If you’re tired of serving the same old same old, why not try a cuisine that’s different and a little more adventurous? Brazilian food is known for a distinct flavor and unique style that comes from a complex history of native peoples and colonialism, as well as a diverse immigrant population.
Angu is a traditional side dish served at meals in Southern Brazil. The dish is very similar to grits or polenta in terms of texture. While angu originally came from the native peoples of the area, recently more and more Brazilians are eating Italian-style polenta and calling it angu because of the number of Italian immigrants in the area. Be it Italian or traditional, angu is commonly served as a starchy side dish on tables across Southern Brazil.
- Bring 2 C water and 2 C chicken broth to a boil in a pot.
- Slowly add 1½ C ground yellow cornmeal. Reduce the heat to a simmer to keep from overcooking. Stir frequently, this dish will need your constant attention.
- For a creamy consistency, cook for about 25 minutes. If you’re trying for a thicker consistency, up the cook time to about 40 minutes.
- Stir in 2 tbs butter and serve.
Also called banana frita, these fried bananas are often served at any meal as a side dish despite their sweet disposition. In fact, Brazilians like to serve fried bananas with beans or a variety of other meats. Sometimes they substitute bananas for pineapples. The strange combination of fruit and beans may sound strange, but to any Brazilian, it’s a common and delicious dish. The fried bananas have a unique texture that must be experienced firsthand. A soft, creamy inside combined with a crispy outside is one of the things that makes fried bananas so popular. So what are you waiting for?
- Heat up oil in a frying pan to 350°F or melt ½ stick of butter until no longer foamy.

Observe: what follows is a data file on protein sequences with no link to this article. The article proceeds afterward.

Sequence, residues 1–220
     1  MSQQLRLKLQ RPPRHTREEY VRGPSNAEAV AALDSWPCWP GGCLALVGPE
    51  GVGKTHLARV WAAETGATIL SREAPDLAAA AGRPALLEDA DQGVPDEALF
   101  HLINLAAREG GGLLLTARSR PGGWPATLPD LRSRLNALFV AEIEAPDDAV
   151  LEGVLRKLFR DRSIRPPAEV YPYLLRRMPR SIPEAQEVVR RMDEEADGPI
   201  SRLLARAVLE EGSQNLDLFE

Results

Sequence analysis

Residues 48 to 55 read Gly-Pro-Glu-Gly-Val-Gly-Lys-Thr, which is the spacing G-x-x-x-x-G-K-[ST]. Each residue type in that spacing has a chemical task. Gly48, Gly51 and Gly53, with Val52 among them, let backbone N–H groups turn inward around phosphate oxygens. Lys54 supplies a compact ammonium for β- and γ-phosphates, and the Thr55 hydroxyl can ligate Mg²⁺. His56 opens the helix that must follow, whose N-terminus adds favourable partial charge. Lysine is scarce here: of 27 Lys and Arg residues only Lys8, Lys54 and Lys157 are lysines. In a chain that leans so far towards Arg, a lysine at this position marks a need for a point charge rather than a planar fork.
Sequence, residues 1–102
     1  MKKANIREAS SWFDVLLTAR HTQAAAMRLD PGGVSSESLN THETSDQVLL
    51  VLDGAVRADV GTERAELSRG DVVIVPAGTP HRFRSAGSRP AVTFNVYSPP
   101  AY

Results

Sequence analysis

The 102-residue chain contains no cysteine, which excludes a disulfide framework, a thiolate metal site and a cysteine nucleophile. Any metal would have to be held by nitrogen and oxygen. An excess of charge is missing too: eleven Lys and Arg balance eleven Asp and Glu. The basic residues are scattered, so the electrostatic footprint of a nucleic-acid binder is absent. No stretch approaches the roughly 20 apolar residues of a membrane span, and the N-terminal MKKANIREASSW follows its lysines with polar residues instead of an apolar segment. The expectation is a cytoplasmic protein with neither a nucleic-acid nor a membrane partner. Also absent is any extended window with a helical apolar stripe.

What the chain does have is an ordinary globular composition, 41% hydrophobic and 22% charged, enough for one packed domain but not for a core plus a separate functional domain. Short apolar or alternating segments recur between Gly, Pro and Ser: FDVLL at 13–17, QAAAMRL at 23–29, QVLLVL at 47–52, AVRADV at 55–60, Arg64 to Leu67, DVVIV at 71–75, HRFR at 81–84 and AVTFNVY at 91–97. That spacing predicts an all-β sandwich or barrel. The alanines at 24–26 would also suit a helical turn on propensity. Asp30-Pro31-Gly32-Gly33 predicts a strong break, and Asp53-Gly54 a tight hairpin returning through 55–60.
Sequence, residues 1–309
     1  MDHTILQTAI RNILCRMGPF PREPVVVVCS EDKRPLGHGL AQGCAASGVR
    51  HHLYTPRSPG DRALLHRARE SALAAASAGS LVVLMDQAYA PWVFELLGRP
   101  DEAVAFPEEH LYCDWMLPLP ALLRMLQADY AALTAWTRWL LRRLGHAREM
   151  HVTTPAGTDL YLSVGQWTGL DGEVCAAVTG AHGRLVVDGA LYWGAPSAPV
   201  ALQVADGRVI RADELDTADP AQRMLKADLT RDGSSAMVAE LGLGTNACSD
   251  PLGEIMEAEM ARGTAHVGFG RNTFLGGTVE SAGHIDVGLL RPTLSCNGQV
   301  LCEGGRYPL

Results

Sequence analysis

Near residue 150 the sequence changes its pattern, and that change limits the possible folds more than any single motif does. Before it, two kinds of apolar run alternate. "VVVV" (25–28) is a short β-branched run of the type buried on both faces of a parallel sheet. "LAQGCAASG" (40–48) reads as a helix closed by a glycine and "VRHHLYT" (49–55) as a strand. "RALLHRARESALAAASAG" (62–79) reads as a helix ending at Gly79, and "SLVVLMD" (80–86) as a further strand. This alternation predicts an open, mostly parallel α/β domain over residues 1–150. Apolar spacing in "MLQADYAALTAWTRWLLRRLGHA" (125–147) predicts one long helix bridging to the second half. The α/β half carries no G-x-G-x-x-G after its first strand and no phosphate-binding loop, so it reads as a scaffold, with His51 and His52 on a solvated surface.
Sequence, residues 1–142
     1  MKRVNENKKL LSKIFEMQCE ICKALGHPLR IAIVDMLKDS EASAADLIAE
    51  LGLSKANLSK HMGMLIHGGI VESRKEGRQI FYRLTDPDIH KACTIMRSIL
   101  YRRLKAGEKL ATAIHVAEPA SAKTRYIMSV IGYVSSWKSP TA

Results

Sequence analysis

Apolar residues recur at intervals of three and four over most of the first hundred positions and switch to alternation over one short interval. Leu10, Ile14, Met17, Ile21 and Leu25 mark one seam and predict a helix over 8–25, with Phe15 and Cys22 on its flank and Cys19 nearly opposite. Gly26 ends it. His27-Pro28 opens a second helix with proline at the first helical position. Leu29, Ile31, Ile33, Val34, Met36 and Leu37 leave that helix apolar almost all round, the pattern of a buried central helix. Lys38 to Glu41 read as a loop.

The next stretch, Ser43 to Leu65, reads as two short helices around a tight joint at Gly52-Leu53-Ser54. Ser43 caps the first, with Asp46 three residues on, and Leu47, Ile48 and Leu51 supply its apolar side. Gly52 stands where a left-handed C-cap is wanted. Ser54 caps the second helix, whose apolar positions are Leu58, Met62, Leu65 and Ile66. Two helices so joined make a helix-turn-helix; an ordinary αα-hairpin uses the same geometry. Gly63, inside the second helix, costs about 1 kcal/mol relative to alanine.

- Peel 3 bananas and cut them into thirds.
- Prep your breading station by setting aside two bowls: one with a beaten egg and one with ½ C breadcrumbs.
- Dredge your bananas first through the egg, then through the breadcrumbs.
- Add bananas to oil or butter and brown them on all sides.
- Remove bananas and drain them on paper towels. You can add salt or cinnamon sugar depending on your preference. Enjoy!
Pao De Queijo
What meal is complete without a nice side of carbs? These authentic cheese rolls are made with tapioca starch instead of your traditional flour to give them nice, chewy centers. The other notable ingredient in these is the grated cheese that adds a great flavor to an otherwise bland dinner roll. The cheese bread is so popular, dry mixes and even frozen varieties have been made available to Brazilians. The most authentic recipes call for cheese from Minas Gerais, where the rolls originated. However, any sort of hard cheese from cow’s milk will do fine. Also, one of the best things about this dish is that it’s gluten free. Coincidentally, if you don’t have time to make these yourself, and happen to live in Utah, you can visit Tushar Brazilian Express and pick these up frozen to bake at home, or order some nice and hot in the restaurant.
- begin by preheating your oven to 325°F.
- Take a pot or saucepan, combine the following ingredients and bring them to a boil: 2 C whole milk, ½ C vegetable oil, 8 tbs butter, pinch of salt.
- As soon as it begins to boil, add 4 C tapioca powder, then remove from heat. Stir in the powder. It’s important to do these steps in the right order or your rolls won’t turn out the best.
- Let your dough mixture cool a bit before adding the eggs, or else you’ll scramble them. You can stick it in the fridge to speed up the cooling, but don’t forget about it in there!
- After it’s cooled off a bit, stir in four eggs and 2 C of grated cheese. As mentioned earlier, any firm cow’s milk cheese will work. If you like, you can add another ½ C of grated cheddar.
- Stick dough in fridge to let it firm up for about 20 minutes.
- After the dough has firmed up, form it into little balls and place them on a cookie sheet. Bake them for about 40 minutes.
Emily Kaltman writes for Estancia Churrascaria, a churrasco-style Brazilian steakhouse in Austin, Texas. She enjoys eating too many carbs and writing about South American food.